Starr, who embarked on several serious pizza research quests with his crew this summer (one including Inquirer scribe Rick Nichols), says he collected bits and pieces of the best pies he tried to develop the ideal approach for Stella's 12-inchers, which run from $11 to $17. The crust is the dealbreaker, says the detail-obsessed Starr ï¿½ he's started paying closer attention to "the weather forecast two or three days ahead," as humid days (like today) can influence the characteristics of resting dough.
Elsewhere to on the menu, you've got antipasti (an octopus and calamari plate; arancini; salt cod; a lentil ragu with sweet fennel sausage) a small selection of salads (roasted beet and arugula; grilled radicchio) and Italian meats like cotto, soppressata and prosciutto. For dessert, they're doing gelato from a "secret family recipe" ï¿½ flavors include olive oil, ricotta and chocolate. We've actually got the full menu, but no access to a scanner at the moment; will add it tomorrow morning. (UPDATE: Here's a PDF of the full menu. h/t: Philly Insider) For now, we've transcribed the 12 pizzas on offer for y'all below. (For what it's worth, Starr's personal favorite is the pistachio.)
Hours: Sun.-Thu., 11 a.m.-11 p.m.; Fri.-Sat., 11 a.m.-midnight.
- Margherita: San Marzano tomato, buffalo mozzarella, basil
- Marinara: San Marzano tomato, oregano, garlic
- Bianca: buffalo mozzarella, garlic, basil
- Sausage: sweet fennel sausage, hot peper, tomato, basil
- Pepperoni: Abruzze pepperoni, oregano, mozzarella, tomato
- Tartufo: black truffle, fontina, egg parmesan
- San Daniele: smoked mozzarella, prosciutto, baby arugula
- Pistachio: red onion, pistachio, fontina, extra virgin olive oil
- Oliva Nera: ricotta, rosemary, Gaeta olive, tomato
- Vongole: clams, guanciale, broccoli rabe
- Spinach: baby spinach, sun-dried tomato, garlic, pine nuts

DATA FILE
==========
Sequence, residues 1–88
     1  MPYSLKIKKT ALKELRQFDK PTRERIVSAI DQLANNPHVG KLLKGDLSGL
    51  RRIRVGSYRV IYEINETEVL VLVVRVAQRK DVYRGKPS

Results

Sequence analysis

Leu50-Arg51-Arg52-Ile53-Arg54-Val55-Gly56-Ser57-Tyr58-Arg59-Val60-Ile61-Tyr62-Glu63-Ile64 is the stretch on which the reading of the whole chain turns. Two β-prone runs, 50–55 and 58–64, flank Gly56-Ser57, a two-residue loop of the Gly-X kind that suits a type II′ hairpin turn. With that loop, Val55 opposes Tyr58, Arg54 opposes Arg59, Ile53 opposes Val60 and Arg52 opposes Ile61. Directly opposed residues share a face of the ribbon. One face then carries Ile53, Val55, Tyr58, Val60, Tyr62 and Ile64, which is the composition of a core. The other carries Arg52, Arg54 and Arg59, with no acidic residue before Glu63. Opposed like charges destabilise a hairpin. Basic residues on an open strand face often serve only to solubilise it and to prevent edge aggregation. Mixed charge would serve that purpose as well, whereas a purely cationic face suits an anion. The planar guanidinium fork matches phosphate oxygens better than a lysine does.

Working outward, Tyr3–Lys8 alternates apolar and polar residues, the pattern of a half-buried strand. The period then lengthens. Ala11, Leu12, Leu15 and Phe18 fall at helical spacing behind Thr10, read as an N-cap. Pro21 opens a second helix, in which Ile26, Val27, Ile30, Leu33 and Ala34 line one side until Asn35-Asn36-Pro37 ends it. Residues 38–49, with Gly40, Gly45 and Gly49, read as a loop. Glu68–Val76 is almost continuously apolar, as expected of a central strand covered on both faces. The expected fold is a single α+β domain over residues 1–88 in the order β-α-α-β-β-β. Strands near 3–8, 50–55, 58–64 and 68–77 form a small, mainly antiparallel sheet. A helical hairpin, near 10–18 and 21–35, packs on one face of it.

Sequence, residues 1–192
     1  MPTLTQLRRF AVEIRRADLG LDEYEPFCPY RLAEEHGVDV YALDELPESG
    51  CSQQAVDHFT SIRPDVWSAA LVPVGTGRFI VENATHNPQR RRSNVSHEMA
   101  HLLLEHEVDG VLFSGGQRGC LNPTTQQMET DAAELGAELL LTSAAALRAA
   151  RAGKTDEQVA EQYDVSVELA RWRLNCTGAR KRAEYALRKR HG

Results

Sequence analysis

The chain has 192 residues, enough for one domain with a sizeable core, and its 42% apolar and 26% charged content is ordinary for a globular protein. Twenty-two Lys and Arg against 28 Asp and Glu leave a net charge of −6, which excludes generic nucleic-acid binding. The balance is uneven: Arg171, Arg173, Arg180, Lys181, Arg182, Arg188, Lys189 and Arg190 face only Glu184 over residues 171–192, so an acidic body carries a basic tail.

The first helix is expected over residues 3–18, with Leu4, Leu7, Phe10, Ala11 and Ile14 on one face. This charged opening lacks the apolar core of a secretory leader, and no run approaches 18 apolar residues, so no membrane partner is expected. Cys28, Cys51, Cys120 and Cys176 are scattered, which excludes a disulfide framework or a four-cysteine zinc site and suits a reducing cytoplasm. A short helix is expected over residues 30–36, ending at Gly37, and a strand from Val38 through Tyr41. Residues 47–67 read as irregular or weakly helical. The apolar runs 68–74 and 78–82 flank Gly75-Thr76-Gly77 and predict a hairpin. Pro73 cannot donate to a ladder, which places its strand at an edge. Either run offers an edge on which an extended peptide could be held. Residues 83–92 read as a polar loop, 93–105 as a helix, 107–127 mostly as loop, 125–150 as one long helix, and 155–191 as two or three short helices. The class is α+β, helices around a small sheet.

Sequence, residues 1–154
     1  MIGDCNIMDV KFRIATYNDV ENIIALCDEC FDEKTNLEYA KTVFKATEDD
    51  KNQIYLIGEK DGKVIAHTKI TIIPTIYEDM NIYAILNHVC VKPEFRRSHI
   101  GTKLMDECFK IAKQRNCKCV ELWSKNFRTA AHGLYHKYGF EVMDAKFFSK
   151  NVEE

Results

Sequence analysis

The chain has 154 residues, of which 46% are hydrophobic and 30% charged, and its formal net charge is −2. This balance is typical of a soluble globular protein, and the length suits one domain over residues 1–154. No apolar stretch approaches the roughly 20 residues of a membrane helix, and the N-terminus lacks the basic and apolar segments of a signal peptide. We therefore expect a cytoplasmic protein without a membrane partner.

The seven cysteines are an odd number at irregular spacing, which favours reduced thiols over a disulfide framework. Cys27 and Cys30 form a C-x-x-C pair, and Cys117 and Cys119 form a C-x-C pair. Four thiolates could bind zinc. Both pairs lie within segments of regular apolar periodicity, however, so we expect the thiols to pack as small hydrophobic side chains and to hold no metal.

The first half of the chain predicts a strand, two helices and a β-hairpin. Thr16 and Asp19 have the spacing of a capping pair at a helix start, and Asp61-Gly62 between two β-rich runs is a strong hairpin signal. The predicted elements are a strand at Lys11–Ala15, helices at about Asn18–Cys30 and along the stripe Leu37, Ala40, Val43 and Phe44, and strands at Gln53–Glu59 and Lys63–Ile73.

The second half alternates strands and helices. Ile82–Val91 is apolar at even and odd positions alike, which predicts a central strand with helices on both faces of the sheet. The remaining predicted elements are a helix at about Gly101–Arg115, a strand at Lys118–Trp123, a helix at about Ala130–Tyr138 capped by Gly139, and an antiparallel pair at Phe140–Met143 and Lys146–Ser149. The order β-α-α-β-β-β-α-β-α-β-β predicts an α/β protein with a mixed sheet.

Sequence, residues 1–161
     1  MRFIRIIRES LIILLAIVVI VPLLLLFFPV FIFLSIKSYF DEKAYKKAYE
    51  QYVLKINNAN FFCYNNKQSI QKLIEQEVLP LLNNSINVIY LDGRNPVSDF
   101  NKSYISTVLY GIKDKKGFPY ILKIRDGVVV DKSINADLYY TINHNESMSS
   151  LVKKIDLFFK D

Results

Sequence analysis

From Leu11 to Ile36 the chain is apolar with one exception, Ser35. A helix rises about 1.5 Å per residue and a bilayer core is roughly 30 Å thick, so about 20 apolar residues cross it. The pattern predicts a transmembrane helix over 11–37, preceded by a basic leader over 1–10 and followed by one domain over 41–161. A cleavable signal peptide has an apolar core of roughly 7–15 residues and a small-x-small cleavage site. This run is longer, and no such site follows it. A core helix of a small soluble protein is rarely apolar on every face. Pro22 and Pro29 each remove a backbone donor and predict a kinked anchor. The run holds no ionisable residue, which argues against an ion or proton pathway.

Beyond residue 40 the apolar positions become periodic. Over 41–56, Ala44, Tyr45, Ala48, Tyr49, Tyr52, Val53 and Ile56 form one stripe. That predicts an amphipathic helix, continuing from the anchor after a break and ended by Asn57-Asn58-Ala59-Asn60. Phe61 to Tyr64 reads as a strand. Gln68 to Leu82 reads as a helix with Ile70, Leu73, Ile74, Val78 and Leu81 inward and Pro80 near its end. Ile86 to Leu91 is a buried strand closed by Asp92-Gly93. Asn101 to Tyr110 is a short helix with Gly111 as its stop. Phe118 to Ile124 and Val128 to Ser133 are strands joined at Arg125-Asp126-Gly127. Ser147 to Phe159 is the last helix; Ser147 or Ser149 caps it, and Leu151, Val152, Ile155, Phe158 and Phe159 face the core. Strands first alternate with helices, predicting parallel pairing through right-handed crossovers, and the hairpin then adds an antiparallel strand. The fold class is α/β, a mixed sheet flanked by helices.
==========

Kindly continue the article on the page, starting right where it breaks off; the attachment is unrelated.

- Quatro Formaggi: tomato, mozzarella, fontina, scamorza, taleggio
|Photo | Drew Lazor|
Meal Ticket stopped in to Mike Stollenwerk's fish (1708 Lombard St.) earlier today to grab a few photos of the restaurant, which the Little Fish owner hopes to have open by Oct. 5. We posted Stollenwerk's sample menu on Aug. 19, but now we've got the official opening lineup (with a few new items), which is broken down into "raw," "cold" and "hot" sections. Check it all out after the jump, and headï¿½back here on Monday for more shots of the space.
Spicy Tomato Water
Green Curry, coconut, lime, shaved cashew
Black Bass Crudo
Himalayan salt, lemon, basil
Fennel Cured Salmon
Pumpernickel panade, egg yolk, shallot
Smoked Coho Salmon Roe
Celery root mousse, cider, walnut
Pear, cress, mustard seed
Tangerine, radish, pistachio crema
ï¿½Surf & Turfï¿½
Porcini, pea tendril, Worcestershire
Akudjura vinaigrette, pine nut, arugula
Roasted Baby Beets
Chicken skin, fresh chevre, mache
Artichoke, piquillo pepper, ceci
Blue fin Tuna
Scrambled cauliflower, anchovy vinaigrette
South Shore Wild Clams
Cauliflower, caper, brown butter aioli
Sea urchin, fennel, tarragon, orange powder
Loch Duart Salmon
Brussel leaves, oyster mushroom, bacon, grain mustard, apple
Truffled spaetzle, parmesan broth, melted leeks
Cavatelli, wild clam, chile, preserved lemon, celery leaf
Parsnip, autumn vegetables, roasted chicken jus
White bean, escarole, chorizo broth
Butternut squash, sunflower, curried lobster nage
Painted Hills Prime Strip
Turnip Hash, marrow, pickled shallot
|Photos | Drew Lazor|
Philly's first D.P. Dough location (33 S. 40th St., 215-796-9809) officially opens for business today at 5 p.m., after a handful of false starts. Meal Ticket popped by earlier today to say what's up to ownersï¿½Jason and Jacquie Hembrey and co-owner/manager Mike Nagao. The college-centric chain offers dozens of varieties of fresh-made calzones (full menuï¿½available on their Web site), plus sides like wings and breadsticks. (You can customize your own, as well.) Above, Nagao rocks a few 'zones out on the line.
Regular hours of operation: Sun.-Thu., 11 a.m.-2:30 a.m.; Fri.-Sat., 11 a.m.-3:30 a.m.ï¿½The storeï¿½s delivery radius will be between 30th and 50th north to south and Spring Garden and Baltimore east to west.